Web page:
“If you can’t beat ‘em, join ‘em.”
Condominium associations and owners of multi-unit housing are embracing that time-honored maxim regarding short-term“home sharing” rentals of individual units.
Many unit-owners, landlords, and tenants of multi-unit buildings and complexes were not enthusiastic a few years ago when some residents began renting their units for short periods through online services such as Airbnb, HomeAway, and similar networks.
For landlords and condo associations, home-sharing introduced hotel-type risks into structures ill-equipped for the unique exposures of hospitality establishments. Many properties responded with lease conditions and by-laws prohibiting home-sharing, and most still insist on their right to regulate home-sharing in their properties.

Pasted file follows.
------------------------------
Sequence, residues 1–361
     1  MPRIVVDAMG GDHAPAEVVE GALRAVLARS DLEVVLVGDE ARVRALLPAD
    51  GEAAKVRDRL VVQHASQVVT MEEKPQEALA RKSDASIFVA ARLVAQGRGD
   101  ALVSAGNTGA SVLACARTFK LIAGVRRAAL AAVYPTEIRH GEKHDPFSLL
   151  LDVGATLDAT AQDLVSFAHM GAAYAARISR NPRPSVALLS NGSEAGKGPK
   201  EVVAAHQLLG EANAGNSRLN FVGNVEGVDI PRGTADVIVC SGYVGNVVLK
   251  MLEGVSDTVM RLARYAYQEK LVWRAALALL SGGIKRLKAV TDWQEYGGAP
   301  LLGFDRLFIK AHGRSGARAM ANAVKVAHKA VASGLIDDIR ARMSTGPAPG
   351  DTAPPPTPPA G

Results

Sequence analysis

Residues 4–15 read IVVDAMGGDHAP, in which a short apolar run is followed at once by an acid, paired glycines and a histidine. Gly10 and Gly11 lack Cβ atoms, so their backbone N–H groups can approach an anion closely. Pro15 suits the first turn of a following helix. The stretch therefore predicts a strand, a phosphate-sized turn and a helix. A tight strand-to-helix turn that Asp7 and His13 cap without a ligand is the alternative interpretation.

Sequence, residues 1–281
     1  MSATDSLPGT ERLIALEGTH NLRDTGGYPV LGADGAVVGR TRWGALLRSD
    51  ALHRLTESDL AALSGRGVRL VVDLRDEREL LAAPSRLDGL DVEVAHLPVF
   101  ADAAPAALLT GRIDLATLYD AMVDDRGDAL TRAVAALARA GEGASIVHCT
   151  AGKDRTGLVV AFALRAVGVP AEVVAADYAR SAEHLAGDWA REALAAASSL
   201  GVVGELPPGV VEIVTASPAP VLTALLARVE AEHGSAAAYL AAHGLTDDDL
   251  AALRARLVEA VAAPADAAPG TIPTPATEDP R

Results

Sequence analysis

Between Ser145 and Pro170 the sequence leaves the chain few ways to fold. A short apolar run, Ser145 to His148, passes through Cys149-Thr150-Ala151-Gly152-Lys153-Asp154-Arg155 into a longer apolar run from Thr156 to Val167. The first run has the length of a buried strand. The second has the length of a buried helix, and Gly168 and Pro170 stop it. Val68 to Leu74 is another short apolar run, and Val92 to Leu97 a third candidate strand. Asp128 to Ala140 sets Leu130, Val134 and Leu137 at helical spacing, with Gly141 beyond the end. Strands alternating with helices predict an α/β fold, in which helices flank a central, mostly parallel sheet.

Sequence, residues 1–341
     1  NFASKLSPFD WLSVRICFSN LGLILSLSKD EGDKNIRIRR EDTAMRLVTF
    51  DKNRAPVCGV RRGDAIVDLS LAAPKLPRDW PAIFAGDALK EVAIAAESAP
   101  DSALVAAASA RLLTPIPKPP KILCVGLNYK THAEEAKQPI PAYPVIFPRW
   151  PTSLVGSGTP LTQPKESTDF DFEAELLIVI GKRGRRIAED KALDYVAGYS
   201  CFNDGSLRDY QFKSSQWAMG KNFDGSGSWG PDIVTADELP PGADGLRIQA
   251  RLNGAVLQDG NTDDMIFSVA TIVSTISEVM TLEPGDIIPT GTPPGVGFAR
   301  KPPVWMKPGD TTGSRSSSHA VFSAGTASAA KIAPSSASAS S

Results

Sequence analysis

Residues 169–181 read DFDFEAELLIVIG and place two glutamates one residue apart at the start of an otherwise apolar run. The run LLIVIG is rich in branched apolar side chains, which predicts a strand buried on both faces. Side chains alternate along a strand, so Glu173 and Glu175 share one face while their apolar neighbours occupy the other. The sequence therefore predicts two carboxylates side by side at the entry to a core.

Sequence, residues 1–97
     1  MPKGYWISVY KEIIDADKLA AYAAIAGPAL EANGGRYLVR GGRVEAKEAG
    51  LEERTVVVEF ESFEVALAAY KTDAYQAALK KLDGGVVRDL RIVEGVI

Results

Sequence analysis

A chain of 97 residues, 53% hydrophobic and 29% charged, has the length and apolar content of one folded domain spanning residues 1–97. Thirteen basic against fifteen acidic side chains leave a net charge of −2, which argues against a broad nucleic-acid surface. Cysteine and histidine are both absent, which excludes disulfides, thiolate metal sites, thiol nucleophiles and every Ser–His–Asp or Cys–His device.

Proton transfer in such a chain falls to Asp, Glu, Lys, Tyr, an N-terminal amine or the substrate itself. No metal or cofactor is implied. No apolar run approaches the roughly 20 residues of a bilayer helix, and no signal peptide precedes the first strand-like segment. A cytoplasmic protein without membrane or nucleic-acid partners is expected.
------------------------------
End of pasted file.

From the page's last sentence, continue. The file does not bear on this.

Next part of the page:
However, monitoring compliance is intrusive at best, and prohibitively difficult in some jurisdictions. Moreover, resistance to home-sharing puts landlords and condo associations at odds with a strong desire among homeowners to earn money from their dwellings, especially in areas where the cost of living is high, such as New York City and San Francisco.
Today, some multi-family complexes are embracing short-term rentals to share in their benefits, and there are online services to help them do just that, including Pillow (an affiliate of Airbnb), Stay Alfred, WhyHotel, and YOTELPAD, as well as a “Friendly Buildings” program sponsored by Airbnb.
While they focus on different aspects of home-sharing, in the aggregate these services allow property owners and managers to: